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    Combining structure and genomics to understand antimicrobial resistance
    Tunstall, T ; Portelli, S ; Phelan, J ; Clark, TG ; Ascher, DB ; Furnham, N (ELSEVIER, 2020)
    Antimicrobials against bacterial, viral and parasitic pathogens have transformed human and animal health. Nevertheless, their widespread use (and misuse) has led to the emergence of antimicrobial resistance (AMR) which poses a potentially catastrophic threat to public health and animal husbandry. There are several routes, both intrinsic and acquired, by which AMR can develop. One major route is through non-synonymous single nucleotide polymorphisms (nsSNPs) in coding regions. Large scale genomic studies using high-throughput sequencing data have provided powerful new ways to rapidly detect and respond to such genetic mutations linked to AMR. However, these studies are limited in their mechanistic insight. Computational tools can rapidly and inexpensively evaluate the effect of mutations on protein function and evolution. Subsequent insights can then inform experimental studies, and direct existing or new computational methods. Here we review a range of sequence and structure-based computational tools, focussing on tools successfully used to investigate mutational effect on drug targets in clinically important pathogens, particularly Mycobacterium tuberculosis. Combining genomic results with the biophysical effects of mutations can help reveal the molecular basis and consequences of resistance development. Furthermore, we summarise how the application of such a mechanistic understanding of drug resistance can be applied to limit the impact of AMR.
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    COVID-3D: An online resource to explore the structural distribution of genetic variation in SARS-CoV-2 and its implication on therapeutic development
    Portelli, S ; Olshansky, M ; Rodrigues, CHM ; D’Souza, E ; Myung, Y ; Silk, M ; Alavi, A ; Pires, DEV ; Ascher, D (Cold Spring Harbor Laboratory, 2020)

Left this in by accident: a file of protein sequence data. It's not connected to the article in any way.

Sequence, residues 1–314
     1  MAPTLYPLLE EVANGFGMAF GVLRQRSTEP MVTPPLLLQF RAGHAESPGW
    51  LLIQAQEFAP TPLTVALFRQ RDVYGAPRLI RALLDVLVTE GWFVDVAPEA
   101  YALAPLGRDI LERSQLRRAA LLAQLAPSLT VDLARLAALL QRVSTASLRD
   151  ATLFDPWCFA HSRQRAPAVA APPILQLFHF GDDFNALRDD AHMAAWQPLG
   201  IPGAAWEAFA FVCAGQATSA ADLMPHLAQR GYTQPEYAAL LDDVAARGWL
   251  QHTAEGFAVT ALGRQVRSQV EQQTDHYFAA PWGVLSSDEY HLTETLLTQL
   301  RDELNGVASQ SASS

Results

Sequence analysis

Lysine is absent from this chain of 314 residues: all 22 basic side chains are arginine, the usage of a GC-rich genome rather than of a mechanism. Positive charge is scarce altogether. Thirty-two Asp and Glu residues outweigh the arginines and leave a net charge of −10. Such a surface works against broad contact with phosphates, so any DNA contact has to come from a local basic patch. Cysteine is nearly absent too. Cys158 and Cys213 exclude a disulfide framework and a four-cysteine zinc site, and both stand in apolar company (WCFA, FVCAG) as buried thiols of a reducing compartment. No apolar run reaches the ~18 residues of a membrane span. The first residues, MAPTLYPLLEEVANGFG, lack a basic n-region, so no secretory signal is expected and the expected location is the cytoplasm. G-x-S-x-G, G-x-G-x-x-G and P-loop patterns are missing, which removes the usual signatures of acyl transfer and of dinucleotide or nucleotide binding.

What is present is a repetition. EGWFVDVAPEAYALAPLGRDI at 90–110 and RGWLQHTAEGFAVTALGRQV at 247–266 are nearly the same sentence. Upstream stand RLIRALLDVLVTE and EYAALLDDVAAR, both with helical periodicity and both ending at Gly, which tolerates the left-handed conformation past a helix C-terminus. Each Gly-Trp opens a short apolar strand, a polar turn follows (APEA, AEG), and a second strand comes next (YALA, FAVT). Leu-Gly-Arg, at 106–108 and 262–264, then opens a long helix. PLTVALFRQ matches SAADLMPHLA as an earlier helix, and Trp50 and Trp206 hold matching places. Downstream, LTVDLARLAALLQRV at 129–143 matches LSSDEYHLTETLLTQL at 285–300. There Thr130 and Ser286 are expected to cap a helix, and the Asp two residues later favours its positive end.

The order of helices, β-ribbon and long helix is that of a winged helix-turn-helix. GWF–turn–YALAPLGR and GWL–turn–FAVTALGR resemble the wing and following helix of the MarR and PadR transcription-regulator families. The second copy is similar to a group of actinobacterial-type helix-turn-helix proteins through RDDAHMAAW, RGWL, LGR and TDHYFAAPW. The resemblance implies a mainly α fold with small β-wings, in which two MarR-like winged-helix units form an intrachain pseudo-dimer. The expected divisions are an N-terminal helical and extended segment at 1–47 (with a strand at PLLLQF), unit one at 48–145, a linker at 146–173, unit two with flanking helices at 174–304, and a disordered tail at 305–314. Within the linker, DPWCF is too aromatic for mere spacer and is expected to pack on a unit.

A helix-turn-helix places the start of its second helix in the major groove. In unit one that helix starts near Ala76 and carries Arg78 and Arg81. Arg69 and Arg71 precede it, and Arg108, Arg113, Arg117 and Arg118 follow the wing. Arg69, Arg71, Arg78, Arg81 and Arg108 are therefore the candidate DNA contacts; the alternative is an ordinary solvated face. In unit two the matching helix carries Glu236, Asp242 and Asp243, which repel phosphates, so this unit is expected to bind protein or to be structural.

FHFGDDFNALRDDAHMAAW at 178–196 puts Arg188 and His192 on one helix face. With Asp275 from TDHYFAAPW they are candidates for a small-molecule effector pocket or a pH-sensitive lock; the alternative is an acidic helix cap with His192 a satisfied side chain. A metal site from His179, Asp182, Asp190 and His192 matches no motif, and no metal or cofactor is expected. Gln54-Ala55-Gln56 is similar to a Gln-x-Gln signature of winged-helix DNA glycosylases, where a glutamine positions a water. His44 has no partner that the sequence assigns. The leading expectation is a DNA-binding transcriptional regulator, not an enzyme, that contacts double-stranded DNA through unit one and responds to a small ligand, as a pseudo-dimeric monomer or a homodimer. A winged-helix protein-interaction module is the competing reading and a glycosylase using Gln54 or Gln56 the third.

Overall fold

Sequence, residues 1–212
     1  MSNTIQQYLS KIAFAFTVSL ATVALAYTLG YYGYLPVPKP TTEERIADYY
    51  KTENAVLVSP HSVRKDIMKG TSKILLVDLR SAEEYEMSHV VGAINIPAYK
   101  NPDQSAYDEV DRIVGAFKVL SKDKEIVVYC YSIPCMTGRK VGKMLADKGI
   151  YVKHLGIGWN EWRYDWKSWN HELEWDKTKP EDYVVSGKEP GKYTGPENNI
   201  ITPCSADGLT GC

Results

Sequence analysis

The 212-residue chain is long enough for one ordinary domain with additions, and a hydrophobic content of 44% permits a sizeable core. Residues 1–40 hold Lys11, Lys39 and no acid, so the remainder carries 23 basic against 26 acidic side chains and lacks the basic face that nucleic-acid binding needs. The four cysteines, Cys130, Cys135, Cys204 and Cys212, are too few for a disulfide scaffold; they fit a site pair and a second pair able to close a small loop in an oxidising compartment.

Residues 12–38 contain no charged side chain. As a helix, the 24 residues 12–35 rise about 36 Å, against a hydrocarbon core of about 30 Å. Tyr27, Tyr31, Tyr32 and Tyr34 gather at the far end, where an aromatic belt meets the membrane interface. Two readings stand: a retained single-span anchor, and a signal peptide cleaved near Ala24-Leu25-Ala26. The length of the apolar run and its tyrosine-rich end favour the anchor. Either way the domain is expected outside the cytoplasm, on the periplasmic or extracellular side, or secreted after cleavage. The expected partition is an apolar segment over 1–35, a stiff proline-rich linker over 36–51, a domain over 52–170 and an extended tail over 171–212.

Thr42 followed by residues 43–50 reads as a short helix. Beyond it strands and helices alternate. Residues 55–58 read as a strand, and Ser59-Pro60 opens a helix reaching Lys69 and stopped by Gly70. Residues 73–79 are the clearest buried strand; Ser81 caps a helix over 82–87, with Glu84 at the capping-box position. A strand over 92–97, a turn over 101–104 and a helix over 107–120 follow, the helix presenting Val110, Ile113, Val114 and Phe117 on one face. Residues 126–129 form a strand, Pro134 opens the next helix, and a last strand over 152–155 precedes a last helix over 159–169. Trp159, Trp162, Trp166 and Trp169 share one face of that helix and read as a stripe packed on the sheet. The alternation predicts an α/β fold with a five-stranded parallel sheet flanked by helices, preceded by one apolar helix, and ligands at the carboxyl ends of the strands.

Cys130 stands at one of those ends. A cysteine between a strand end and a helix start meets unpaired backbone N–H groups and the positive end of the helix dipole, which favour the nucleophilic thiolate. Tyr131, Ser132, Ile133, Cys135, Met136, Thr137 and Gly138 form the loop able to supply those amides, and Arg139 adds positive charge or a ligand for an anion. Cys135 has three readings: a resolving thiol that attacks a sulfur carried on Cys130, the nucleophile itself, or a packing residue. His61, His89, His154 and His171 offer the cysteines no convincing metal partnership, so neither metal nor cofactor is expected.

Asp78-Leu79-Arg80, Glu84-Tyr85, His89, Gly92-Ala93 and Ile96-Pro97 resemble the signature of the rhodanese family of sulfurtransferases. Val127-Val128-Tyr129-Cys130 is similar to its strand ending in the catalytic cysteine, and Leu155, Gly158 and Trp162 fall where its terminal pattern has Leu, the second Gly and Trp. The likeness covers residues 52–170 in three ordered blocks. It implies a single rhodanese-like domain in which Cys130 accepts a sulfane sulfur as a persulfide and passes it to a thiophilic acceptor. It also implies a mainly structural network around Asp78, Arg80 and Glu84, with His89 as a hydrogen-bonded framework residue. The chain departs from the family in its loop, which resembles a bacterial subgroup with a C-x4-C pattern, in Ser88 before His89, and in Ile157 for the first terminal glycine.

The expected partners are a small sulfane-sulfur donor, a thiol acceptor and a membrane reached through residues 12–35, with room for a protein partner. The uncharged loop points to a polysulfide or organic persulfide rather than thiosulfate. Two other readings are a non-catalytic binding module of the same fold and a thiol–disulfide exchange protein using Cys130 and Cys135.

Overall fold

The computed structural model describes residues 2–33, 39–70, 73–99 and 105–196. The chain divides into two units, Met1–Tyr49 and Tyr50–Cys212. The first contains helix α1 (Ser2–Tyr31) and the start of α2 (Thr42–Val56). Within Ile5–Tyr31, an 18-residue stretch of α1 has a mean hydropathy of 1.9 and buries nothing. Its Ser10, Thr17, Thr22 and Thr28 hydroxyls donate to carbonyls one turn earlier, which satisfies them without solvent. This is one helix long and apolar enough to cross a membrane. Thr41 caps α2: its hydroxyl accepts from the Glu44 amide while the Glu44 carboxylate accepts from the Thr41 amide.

SUMMARY

    The emergence of the COVID-19 pandemic has spurred a global rush to uncover basic biological mechanisms, to inform effective vaccine and drug development. Despite viral novelty, global sequencing efforts have already identified genomic variation across isolates. To enable easy exploration and spatial visualization of the potential implications of SARS-CoV-2 mutations on infection, host immunity and drug development we have developed COVID-3D ( http://biosig.unimelb.edu.au/covid3d/ ).
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    Prediction of rifampicin resistance beyond the RRDR using structure-based machine learning approaches.
    Portelli, S ; Myung, Y ; Furnham, N ; Vedithi, SC ; Pires, DEV ; Ascher, DB (Nature Publishing Group, 2020-10-22)
    Rifampicin resistance is a major therapeutic challenge, particularly in tuberculosis, leprosy, P. aeruginosa and S. aureus infections, where it develops via missense mutations in gene rpoB. Previously we have highlighted that these mutations reduce protein affinities within the RNA polymerase complex, subsequently reducing nucleic acid affinity. Here, we have used these insights to develop a computational rifampicin resistance predictor capable of identifying resistant mutations even outside the well-defined rifampicin resistance determining region (RRDR), using clinical M. tuberculosis sequencing information. Our tool successfully identified up to 90.9% of M. tuberculosis rpoB variants correctly, with sensitivity of 92.2%, specificity of 83.6% and MCC of 0.69, outperforming the current gold-standard GeneXpert-MTB/RIF. We show our model can be translated to other clinically relevant organisms: M. leprae, P. aeruginosa and S. aureus, despite weak sequence identity. Our method was implemented as an interactive tool, SUSPECT-RIF (StrUctural Susceptibility PrEdiCTion for RIFampicin), freely available at https://biosig.unimelb.edu.au/suspect_rif/ .